There were reports from OTAs that Griffin was taking nearly all of his snaps under center, but he needed the practice in that area, having come from a spread offense at Baylor. However, it also makes sense to include some of the plays that Griffin ran in college, for familiarity reasons and in order to keep opposing defenses honest.
Mike Shanahan intimated that he would be molding the offense around Griffin, so look for misdirection plays that utilize the running game, as well as play-action passes that aim make the most of Griffin's deep-ball accuracy.
The receiving corps adds to this variety, with Pierre Garçon, Leonard Hankerson, Santana Moss and Josh Morgan offering multiple options for both coach and quarterback.
Garçon and Morgan can switch between the roles of 'X' and 'Z' receiver, sending a confusing message to defenses and allowing for larger gains. If he can take advantage of this, Garçon in particular can use his speed to get behind cornerbacks and make big plays.
There Is Genuine Belief Among the Fans
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The fans of the Washington Redskins have been through a lot—humiliating defeats, an owner that invites ridicule with every move and the senseless death of one of their brightest stars—but they remain fiercely loyal, filling up FedEx Field and praying that maybe this game will be the one that sees the team turn the corner and make a playoff run.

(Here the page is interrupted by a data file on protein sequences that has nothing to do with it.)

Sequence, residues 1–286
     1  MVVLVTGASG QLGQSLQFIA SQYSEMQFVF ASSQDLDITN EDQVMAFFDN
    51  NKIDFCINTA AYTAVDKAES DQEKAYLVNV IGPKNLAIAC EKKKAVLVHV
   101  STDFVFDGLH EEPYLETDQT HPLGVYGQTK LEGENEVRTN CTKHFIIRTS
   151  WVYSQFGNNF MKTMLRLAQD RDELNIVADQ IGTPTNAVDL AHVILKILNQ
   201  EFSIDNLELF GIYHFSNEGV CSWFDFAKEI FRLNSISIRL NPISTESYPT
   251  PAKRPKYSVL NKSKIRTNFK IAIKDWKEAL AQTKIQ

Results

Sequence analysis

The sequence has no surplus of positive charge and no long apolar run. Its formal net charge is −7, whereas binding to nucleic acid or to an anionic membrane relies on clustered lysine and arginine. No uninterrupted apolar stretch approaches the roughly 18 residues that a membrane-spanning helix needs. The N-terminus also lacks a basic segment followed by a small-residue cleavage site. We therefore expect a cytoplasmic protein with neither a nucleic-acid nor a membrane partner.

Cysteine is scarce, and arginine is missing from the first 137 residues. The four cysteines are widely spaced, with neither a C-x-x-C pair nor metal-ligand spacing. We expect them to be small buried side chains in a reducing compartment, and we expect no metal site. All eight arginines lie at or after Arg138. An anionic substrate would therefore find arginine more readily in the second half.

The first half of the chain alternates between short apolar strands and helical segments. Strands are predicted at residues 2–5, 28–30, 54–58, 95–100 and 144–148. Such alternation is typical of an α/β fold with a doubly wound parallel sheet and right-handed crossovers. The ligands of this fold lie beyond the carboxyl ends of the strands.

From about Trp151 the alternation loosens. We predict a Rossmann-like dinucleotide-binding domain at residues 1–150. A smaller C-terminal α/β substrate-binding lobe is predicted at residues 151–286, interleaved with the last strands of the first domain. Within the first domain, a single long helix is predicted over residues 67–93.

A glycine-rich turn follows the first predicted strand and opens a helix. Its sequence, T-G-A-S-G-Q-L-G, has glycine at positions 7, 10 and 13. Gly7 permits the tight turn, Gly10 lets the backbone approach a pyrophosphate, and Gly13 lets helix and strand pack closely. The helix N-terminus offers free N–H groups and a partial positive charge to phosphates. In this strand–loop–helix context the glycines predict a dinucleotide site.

If there are any fans that deserve some success, it's Redskins fans.
There is always optimism ahead of each year, but this year it is actual belief. Everyone has seen what Griffin did in his senior year at Baylor, and the excuse that he did it against inferior defenses still doesn't detract from his talent.
He is that rare thing: a true dual-threat quarterback, blessed with accuracy in the pocket and track speed out of it. The fact that he can replicate that accuracy while throwing on the run only adds to his value.
Griffin rightly remains the center of the franchise, but the acquisition of complementary players rather than big-name signings indicates that the franchise is heading in the right direction.
NFL.com seems to be coming around as well, now ranking the Redskins in the top 10 in all four of its league categories.
It might not be a playoff year, but at least it will be an exciting one.